Where did they get their PhD?
David got his Ph.D. at the University of Illinois in 1964, the same year that he got his M.A. David said that he discovered that he only needed to do one other project and he would satisfy the requirements for a Ph.D. as well as the M.A. he was finishing that year and he completed the Ph.D. with only a few months extra work.
Where have they taught / worked?
David's resume, currently located on-line at http://cito.byuh.edu/merrill/index.htm, lists the following for his work experience (although he retired from USU in 2004 to pursue the teaching assignment in Hawaii previously mentioned; see http://cito.byuh.edu/entrepreneur/main.swf):
- George Peabody College for Teachers, 1964 -1966
- Brigham Young University, 1966-1967, 1968-1979
- Courseware, Inc. (Vice Pres, Director), 1972 -1980
- University of Southern California, 1979 -1988
- Microteacher, Inc. (President), 1981-1985
- Utah State University, 1987-Present
Other Short-term Assignments:
- Bucknell University, Summer 1970
- Univ. of Indonesia, TKPK, Summers 1980, 82
- University of Maine, Summer 1975
- Twente Univ., The Netherlands, Summer 1988
- Anchorage Alaska, March 1980
- Twente Univ., The Netherlands, Spring 1999
What things are they best known for?
Component Display Theory, Elaboration Theory (developed in collaboration with Charles M. Reigeluth), Instructional Transaction Theory (see David's chapter on ITT in Instructional-Design Theories and Models: A new Paradigm of Instructional Theory by Reigeluth), the TICCIT CAI System, First Principles of Instruction.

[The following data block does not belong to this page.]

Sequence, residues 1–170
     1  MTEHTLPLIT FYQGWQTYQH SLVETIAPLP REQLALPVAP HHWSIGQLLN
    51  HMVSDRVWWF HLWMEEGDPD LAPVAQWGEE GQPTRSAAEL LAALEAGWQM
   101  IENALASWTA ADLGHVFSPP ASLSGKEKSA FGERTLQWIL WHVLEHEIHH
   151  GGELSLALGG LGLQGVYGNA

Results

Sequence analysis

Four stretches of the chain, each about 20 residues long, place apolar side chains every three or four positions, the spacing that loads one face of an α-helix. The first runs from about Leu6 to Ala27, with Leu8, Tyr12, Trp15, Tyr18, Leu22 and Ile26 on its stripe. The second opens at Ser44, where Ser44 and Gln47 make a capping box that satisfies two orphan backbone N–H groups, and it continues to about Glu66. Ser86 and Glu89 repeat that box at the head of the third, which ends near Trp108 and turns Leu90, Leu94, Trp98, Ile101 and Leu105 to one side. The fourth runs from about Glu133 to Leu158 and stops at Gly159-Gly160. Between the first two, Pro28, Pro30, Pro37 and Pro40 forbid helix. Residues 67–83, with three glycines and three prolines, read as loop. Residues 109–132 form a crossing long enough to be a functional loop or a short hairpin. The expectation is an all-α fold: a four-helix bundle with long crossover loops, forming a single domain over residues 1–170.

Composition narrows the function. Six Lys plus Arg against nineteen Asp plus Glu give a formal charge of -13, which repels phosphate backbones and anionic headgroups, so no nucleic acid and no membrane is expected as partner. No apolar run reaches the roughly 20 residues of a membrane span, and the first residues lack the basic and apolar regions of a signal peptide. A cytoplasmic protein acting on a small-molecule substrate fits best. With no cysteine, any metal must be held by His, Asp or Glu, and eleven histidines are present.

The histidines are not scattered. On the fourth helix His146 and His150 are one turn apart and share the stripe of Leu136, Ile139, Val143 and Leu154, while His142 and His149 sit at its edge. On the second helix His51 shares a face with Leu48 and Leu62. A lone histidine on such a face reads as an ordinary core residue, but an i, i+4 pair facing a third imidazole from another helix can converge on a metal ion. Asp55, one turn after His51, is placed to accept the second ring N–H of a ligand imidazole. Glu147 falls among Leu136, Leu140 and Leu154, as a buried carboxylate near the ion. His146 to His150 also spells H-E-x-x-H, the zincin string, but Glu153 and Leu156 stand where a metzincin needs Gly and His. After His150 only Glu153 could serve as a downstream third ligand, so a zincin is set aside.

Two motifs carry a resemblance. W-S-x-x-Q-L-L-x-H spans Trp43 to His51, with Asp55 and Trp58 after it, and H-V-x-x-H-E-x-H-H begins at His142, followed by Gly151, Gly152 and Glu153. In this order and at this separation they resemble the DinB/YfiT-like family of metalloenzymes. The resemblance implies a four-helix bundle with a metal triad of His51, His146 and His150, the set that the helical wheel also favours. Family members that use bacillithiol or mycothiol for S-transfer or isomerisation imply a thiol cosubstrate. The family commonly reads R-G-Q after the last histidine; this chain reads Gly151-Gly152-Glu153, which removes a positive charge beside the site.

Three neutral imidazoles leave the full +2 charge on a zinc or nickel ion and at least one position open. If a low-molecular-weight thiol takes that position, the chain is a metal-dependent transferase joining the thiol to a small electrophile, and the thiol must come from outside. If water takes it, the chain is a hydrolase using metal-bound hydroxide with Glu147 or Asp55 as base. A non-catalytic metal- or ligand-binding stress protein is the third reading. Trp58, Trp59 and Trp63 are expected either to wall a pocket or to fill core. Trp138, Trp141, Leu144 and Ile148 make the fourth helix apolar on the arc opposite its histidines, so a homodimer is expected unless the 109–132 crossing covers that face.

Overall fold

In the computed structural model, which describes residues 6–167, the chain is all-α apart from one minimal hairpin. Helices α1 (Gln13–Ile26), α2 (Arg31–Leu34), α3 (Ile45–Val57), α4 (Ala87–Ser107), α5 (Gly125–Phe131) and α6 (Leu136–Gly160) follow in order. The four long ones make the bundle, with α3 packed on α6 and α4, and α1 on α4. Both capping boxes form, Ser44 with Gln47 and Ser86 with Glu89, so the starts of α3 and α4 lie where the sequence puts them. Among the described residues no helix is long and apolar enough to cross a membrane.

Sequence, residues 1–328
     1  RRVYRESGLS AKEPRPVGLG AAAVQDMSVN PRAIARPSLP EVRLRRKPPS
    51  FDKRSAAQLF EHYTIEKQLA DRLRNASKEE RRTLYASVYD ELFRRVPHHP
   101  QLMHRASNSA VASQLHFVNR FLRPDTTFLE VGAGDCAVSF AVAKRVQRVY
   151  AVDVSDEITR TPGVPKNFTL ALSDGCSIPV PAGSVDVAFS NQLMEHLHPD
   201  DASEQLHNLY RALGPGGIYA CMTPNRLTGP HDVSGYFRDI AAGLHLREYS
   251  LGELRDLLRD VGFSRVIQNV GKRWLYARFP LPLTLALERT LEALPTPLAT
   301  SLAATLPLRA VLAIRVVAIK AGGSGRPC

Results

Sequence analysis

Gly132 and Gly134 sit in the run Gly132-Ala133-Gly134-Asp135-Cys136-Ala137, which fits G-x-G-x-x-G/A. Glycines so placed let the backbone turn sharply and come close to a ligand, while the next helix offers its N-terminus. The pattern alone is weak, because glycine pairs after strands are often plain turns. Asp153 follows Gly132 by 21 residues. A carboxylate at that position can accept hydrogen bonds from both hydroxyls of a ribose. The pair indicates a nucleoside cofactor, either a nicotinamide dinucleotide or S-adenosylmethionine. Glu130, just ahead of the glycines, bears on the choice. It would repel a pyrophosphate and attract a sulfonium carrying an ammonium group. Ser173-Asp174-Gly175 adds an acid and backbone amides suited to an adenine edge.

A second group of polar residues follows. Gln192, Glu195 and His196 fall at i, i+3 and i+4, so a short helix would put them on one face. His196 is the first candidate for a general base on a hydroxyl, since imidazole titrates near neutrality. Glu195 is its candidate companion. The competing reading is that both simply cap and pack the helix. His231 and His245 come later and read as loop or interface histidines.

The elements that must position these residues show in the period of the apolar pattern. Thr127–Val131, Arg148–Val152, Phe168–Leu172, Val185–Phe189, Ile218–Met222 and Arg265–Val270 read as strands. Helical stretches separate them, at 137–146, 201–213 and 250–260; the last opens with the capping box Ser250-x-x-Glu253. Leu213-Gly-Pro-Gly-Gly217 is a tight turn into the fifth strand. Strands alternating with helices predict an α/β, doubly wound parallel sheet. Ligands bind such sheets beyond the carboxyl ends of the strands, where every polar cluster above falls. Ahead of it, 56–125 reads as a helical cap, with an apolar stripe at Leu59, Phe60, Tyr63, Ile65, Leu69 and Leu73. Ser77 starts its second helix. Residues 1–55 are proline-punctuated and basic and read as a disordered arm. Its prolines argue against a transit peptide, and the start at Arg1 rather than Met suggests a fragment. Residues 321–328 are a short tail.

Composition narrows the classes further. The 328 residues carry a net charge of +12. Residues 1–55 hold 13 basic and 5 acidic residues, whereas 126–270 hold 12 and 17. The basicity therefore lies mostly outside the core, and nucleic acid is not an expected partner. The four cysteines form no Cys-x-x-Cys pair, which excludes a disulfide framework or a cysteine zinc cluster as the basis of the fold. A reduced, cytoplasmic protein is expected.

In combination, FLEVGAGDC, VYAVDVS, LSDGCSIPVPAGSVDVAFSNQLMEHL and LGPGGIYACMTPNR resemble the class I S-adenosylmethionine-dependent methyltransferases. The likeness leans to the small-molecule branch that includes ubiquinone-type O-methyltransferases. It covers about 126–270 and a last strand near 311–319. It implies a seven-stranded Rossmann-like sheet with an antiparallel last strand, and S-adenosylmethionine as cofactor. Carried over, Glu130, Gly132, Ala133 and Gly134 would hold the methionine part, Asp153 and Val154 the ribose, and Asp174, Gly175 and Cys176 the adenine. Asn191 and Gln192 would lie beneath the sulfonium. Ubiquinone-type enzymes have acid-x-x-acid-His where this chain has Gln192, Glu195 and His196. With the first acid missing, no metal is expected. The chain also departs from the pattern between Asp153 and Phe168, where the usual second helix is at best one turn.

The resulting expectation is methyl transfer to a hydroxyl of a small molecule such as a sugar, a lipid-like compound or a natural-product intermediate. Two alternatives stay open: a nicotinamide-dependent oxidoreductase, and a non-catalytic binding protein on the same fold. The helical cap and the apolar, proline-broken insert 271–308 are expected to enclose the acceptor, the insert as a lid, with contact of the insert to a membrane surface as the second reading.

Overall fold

Other achievements listed in David's resume:
- Founder and director of the Instructional Science Department at Brigham Young University.
- Founder and director of the Division of Instructional Research, Development and Evaluation
at Brigham Young University.
- A founder, director and Vice President for Research, Courseware Inc., San Diego, California
(From 1972 until 1980). Anderson Consulting- Courseware Inc. is still a major instructional development firm.
- Founder, director and President of Microteacher, Inc., San Diego, California (From 1981
until 1985). This company developed educational courseware for schools. The firm is no longer active.
- Founder, member. and General Manager of River Park Instructional Technologies L.L.C.,
Logan, Utah (1996-1997).
- Director, ID2 Research Group, Utah State University, Logan, Utah (1987 -1998).
What are their three most important publications?
- Merrill, M. D. (1994). Instructional Design Theory. M. David Merrill. David G. Twitchell (Ed.). Educational Technology Publications.
- Merrill, M. D. (2002). First principles of instruction. Educational Technology Research and Development, 50(3), 43-59.
- Merrill, M. D. (2002). A pebble-in-the-pond model for instructional design. Performance Improvement, 41(7), 39-44.
Who are their most frequent collaborators?
- Charles M. Reigeluth
- T. A. Anderson
- David G. Twitchell
- Robert M. Gagné
Who are their main philosophical rivals (if any)?
According to a current Ph.D. student at Utah State University, Daren Olsen, Dr. Merrill could be found associating with theoretical opponents even after what appeared to be the bitterest of discussions over instructional technology concepts. For Dr. Merrill, Daren explained, the concepts were not about personalities. Dr. Merrill would often invite opponents to see his model railroad after debates.